As a college professor for 35 years, I often remarked on how devoted to their friends my students were. At times, it seemed to me almost as if they would die or kill for their friends, and I am certain that some students cheated for their friends. It was almost as if a different moral standard applied to their behavior when it concerned their friends than when other people were involved.
As a group, young adults have more friends and acquaintances than middle-aged and older adults (Antonucci, 1985). Newly married young adults have more friends than adolescents, middle-aged adults, or older adults. They often make friends with other married couples and form two-couple relationships. By the time they are middle-aged, most adults have some "old friends" whom they may or may not see often. Once friendships have been established, they can be maintained even if the friends see each other infrequently. It may be enough simply to know that someone out there cares about you even if you rarely see him or her (Hess, 1971).
To the extent that older adults have fewer friends than other age groups, it is probably due in large measure to the fact that older adults, who typically do not attend school or work outside the home, encounter fewer people every day than in earlier years. In addition, most older adults have voluntarily disengaged to some extent from social life and have developed a more contemplative, "interiorized" perspective on life. Serious health problems can also lead to a decrease in interactions with friends and other people. Whatever the cause may be, the results of a study by Bossé, Aldwin, Levenson, Spiro, and Mroczek (1993) indicate that retirement is not directly responsible for any decline in the number and quality of friendships. In fact, retirees who engage in volunteer or new occupational activities develop new friendships, whereas retirees who choose not to undertake new work roles tend to experience a decrease in friends (Mor-Barak, Scharlach, Birba, & Sokolov, 1992; Van Tilburg, 1992). Those friendships that remain after retirement, though perhaps fewer in number, may, however, become even closer.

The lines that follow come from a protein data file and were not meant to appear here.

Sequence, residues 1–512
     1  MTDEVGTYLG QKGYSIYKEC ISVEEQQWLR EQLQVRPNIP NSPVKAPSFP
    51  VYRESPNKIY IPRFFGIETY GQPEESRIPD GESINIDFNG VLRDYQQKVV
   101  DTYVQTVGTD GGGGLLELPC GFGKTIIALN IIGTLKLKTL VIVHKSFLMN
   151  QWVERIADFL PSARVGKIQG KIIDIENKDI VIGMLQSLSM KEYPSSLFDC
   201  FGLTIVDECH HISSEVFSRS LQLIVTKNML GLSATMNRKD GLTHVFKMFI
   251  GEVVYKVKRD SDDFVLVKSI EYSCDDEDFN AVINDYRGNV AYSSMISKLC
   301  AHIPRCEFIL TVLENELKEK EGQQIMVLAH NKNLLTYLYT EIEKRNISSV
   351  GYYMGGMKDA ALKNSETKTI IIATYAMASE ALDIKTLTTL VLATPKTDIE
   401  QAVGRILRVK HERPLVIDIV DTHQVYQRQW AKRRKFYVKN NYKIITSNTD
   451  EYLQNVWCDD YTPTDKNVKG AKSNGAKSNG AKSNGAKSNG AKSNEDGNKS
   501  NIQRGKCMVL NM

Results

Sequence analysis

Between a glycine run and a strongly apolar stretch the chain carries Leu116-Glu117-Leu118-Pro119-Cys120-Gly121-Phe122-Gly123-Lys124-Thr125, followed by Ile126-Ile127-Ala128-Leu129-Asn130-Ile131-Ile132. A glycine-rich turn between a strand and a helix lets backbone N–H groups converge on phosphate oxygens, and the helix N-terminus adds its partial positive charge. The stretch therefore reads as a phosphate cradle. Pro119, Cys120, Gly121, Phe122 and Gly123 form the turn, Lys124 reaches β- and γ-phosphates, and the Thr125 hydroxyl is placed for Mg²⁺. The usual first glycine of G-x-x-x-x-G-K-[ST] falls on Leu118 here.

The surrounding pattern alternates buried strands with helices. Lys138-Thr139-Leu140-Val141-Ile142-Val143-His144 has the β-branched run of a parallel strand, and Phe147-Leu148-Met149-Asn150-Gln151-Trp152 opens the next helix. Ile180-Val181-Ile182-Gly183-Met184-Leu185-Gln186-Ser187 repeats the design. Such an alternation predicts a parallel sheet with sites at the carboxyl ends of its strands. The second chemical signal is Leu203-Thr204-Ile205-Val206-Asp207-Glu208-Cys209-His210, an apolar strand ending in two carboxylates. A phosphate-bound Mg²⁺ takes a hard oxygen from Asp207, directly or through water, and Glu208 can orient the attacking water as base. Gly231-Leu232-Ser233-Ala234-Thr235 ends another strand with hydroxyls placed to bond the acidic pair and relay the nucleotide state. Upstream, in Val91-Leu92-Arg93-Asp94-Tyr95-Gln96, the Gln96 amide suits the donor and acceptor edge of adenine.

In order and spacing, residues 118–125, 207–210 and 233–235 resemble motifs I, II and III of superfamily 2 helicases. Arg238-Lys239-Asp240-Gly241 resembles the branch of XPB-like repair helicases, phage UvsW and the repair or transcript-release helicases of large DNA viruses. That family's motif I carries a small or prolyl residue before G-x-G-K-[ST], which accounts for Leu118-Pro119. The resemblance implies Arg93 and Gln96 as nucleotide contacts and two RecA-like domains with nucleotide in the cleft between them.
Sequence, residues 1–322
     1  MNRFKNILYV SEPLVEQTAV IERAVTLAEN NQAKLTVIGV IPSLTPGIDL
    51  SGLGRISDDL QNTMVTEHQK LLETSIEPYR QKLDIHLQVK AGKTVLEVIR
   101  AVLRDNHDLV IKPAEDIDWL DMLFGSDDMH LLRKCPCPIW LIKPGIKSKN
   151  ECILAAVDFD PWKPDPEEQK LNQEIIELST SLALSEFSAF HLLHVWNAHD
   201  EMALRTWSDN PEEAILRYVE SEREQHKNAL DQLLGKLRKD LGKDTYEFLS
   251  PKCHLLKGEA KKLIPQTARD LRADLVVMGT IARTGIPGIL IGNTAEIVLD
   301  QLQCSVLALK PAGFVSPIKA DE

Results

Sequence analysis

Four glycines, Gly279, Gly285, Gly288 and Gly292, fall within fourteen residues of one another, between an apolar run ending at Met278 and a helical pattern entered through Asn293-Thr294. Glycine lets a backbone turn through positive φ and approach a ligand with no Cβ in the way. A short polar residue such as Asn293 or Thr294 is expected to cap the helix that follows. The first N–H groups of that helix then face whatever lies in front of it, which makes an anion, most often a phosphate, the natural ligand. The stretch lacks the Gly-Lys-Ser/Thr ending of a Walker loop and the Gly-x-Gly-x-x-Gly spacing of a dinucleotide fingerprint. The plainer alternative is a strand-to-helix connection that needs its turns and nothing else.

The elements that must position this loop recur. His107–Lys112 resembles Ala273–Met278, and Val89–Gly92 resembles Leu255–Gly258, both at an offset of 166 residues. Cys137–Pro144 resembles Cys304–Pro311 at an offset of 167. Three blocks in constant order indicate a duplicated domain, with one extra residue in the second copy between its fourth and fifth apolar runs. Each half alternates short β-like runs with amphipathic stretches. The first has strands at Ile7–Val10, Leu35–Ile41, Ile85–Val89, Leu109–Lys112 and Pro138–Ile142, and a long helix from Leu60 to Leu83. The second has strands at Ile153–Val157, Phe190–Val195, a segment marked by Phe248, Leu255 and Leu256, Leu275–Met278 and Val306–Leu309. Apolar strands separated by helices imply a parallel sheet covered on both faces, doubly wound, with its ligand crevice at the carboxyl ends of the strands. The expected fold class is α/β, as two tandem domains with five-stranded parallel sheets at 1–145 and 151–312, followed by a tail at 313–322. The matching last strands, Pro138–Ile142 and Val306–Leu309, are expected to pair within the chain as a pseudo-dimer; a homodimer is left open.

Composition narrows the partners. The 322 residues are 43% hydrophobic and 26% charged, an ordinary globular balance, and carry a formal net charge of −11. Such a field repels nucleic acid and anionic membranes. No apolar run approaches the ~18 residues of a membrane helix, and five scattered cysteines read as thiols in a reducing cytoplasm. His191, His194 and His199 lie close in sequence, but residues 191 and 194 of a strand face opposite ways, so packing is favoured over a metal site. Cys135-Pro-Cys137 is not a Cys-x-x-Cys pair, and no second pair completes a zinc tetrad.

According to Carstensen (1993,1995), social contact is motivated by the goals of information seeking, self-concept expression, and emotional regulation. The first of these is the major goal of young adults; the third is the principal goal of older adults, and the three goals are roughly in balance in middle-aged adults. As a result of these age changes in goals, older adults are much more selective than young and middle-aged adults in their social contacts. Thus, most people who are over age 65, and even those over age 85, continue to maintain old friends but are less likely to make new friends when the old ones die or move away. Still, the stereotype of the friendless, lonely, older adult who longs for someone to visit him or her is inaccurate. Most older adults continue to receive psychological support from both friends and relatives.
Not surprisingly, the amount of contact that an older person has and the degree of closeness felt with friends and family members are related to the person's health. The direction of the relationship, however, may not be as one expects. A study by Field, Minkler, Falk, and Leino (1993) found that older adults who were in poor health had fewer contacts with friends and relatives than those who were in good health. Though it might seem as if family members and friends would visit a person more if he or she is in poor health, interpersonal interaction is actually hampered by a lack of health and vitality. However, other evidence indicates that an active network of family, friends, neighbors, and even coworkers can bolster one's resistance to disease, perhaps by activating the immune system. For example, in an experimental study conducted by Cohen et al. (1997), it was found that 62% of a group of people with three or fewer cohesive social relationships came down with colds, compared with only 35% of a group of people with six or more such relationships.
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